A common theme running through their stories was not just the difficulty in finding work, but also the inability to move beyond their current social situation. 

“There is limited mobility for them,” he laments. “Our institutions only equip ex-offenders with technical skills, which only prepares them for low-wage jobs. Why do we do this, when they could be destined for greater things?”

It was then he had his epiphany: what if he could equip them with the entrepreneurial skills to succeed in their own right, and help them start businesses of their own? 

“If our education system is in the 21st century, why shouldn’t our prison system be too?” he points out. 

Mr Lim (far right) with a group of youths from St. James Church in 2008. PHOTO: SAMUEL HE

To truly move forward, Mr Lim says, Singapore needs to redefine the way it approaches mentorship of ex-offenders.

That is why AP mentorship needs to start in the institution: Mr Lim and his team will help potential Archepreneurs shape and define their business ideas, even while they are still incarcerated.

Upon their release, those who have shown the most promise and drive to succeed will be taken under the wing of AOL’s business mentors, which include ex-offenders Benny Se Teo, founder of restaurant chain Eighteen Chefs, and Shaw family scion Howard Shaw.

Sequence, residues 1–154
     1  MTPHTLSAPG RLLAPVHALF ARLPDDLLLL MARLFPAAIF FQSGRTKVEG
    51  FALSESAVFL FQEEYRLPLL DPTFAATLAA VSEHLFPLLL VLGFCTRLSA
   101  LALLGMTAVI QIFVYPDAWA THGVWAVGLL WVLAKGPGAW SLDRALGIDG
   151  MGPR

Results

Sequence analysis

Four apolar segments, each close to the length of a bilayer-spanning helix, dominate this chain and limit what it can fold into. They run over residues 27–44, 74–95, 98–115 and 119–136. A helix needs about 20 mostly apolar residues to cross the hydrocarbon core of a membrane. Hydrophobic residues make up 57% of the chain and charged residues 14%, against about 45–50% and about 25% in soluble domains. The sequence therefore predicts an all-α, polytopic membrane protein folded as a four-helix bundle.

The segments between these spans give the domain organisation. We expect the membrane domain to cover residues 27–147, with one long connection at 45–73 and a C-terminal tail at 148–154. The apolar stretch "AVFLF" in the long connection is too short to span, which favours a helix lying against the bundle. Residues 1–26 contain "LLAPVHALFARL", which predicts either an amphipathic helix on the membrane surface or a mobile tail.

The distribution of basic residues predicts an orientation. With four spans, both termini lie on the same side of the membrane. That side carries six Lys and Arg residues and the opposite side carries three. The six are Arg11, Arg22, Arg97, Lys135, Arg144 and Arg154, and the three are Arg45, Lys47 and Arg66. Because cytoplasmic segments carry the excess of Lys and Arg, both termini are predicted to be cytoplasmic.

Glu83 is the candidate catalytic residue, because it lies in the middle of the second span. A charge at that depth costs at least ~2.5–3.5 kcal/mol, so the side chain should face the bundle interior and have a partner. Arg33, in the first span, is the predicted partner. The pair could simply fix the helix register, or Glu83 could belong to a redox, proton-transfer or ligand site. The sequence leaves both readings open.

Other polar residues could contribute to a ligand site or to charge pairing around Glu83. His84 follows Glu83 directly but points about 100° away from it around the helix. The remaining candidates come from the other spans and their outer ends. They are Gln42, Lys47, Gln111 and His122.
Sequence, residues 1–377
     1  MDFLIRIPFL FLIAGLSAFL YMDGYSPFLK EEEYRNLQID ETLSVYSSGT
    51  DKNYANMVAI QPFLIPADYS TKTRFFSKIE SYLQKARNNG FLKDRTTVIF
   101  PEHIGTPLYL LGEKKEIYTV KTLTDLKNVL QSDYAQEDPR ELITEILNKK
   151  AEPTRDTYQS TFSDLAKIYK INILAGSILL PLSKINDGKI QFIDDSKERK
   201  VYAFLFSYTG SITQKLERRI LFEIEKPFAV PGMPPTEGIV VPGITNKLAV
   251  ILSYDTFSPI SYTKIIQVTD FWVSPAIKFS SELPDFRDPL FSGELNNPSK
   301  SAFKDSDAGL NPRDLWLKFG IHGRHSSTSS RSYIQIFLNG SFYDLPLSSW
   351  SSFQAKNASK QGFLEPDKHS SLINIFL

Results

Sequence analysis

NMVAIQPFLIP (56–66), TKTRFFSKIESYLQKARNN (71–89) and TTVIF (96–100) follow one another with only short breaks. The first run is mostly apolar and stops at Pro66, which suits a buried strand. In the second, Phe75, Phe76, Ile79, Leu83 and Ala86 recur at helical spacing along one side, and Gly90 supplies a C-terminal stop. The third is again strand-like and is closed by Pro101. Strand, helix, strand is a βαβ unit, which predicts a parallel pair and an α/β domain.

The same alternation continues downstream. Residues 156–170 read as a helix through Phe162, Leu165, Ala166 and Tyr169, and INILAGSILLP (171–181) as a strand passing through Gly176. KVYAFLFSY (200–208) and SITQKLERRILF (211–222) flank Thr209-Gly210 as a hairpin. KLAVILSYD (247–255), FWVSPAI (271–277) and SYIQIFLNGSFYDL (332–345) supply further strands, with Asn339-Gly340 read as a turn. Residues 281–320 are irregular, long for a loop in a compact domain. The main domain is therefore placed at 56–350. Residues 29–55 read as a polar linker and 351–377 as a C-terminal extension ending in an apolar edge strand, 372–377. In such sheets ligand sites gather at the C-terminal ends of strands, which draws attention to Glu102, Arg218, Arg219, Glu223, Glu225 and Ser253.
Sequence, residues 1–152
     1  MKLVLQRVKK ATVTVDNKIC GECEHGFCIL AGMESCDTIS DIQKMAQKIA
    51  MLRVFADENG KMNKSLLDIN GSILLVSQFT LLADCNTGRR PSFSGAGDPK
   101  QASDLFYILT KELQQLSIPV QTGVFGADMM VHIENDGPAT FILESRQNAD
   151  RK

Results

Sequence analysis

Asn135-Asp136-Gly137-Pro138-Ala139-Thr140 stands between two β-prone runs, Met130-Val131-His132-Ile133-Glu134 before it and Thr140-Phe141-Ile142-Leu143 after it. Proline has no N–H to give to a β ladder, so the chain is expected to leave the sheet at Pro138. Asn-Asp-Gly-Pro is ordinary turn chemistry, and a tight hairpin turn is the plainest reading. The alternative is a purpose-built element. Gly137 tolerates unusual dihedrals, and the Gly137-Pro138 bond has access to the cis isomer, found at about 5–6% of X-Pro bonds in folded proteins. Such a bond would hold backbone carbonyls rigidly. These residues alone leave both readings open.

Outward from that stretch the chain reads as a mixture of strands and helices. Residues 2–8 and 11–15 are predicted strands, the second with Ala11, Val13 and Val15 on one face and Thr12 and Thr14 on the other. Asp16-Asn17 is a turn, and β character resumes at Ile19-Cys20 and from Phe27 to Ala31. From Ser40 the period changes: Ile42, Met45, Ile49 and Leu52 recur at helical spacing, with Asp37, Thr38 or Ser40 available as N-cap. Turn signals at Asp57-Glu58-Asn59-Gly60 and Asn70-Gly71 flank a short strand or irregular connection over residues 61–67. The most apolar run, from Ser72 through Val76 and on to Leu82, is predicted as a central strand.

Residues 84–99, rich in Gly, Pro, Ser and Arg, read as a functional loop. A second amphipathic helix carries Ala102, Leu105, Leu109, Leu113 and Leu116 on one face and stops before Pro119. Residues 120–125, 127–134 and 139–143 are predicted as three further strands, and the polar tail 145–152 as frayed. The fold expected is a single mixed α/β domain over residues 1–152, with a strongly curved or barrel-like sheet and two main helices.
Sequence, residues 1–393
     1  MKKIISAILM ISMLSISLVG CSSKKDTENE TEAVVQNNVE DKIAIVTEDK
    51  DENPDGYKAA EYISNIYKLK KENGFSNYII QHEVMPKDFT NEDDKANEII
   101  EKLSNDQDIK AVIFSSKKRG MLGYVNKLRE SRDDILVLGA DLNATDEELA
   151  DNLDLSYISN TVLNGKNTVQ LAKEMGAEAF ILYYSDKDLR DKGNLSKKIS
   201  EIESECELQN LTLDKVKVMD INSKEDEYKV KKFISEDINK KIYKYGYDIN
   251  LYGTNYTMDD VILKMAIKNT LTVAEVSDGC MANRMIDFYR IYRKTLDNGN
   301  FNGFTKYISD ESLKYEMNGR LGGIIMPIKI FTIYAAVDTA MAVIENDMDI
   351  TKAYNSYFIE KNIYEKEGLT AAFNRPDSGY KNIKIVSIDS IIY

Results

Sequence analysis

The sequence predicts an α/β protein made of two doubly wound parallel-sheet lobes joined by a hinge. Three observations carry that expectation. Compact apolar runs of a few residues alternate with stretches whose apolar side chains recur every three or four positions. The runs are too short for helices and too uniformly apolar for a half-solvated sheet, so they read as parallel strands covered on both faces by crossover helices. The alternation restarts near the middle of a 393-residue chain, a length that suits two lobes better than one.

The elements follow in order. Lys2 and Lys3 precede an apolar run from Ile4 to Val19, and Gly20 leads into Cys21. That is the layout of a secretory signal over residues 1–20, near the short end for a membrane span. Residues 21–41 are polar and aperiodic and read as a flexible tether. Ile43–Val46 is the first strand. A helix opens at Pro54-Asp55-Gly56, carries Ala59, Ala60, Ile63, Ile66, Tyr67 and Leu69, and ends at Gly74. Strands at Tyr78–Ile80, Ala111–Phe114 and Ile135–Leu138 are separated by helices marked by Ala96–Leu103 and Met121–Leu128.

Under their mentorship, Mr Lim hopes to develop Archepreneurs’ entrepreneurial spirit, and provide financial support for their early-stage startups, up to the first six months of their establishment.

He is quick to reassure that it is not a pipe dream; it is definitely possible, he says, pointing to social enterprise F&B outlet The Caffeine Experience, as an example. 

The cafe in Tanjong Pagar was founded by ex-offender Matthew Poh and his prison officer Hilary Lo, with AOL support. 

“One thing I learnt in prison is that a lot of prisoners already have an entrepreneurial mindset,” he says. “But if their business acumen is not developed, then they become a wasted resource.

“That is why I started the Archepreneurship Program. I want to fill that gap, to equip ex-offenders not just to survive, but to thrive in this disruption economy.”

Mr Lim (front row, centre) at the signing of the memorandum of understanding ceremony for the Mentoring Alliance in July this year. PHOTO: ARCHITECTS OF LIFE

The AP is slated to go into full swing by the first quarter of 2019, but already, Mr Lim has had his hands full rolling it out on smaller scales. 

Next month, he and the AOL team will be exploring the option of running a mentorship programme for ex-offenders with Member of Parliament Louis Ng in the Yishun constituency.

These Archepreneurs will hold their day jobs, and be mentored during night classes and weekend seminars — a hybrid model that Mr Lim is currently experimenting with. 

“AOL has always been about turning social liabilities into assets,” he says. “We want them to succeed — not just for their own good, but for the good of society as well.”